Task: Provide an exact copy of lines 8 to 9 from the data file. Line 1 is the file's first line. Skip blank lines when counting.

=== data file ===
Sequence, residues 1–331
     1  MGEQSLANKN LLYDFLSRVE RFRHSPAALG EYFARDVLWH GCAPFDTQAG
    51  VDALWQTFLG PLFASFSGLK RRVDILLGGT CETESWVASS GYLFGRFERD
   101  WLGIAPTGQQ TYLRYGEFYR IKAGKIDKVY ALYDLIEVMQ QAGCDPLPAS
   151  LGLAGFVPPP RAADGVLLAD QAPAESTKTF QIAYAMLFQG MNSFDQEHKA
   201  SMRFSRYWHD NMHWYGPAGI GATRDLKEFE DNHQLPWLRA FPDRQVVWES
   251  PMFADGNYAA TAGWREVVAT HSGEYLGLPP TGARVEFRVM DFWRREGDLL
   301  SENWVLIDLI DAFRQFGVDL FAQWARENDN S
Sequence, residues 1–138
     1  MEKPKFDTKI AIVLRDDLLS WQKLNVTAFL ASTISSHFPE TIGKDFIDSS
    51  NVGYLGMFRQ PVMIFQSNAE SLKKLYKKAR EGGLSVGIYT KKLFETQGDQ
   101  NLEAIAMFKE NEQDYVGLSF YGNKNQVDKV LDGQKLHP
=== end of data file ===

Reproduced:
   301  SENWVLIDLI DAFRQFGVDL FAQWARENDN S
Sequence, residues 1–138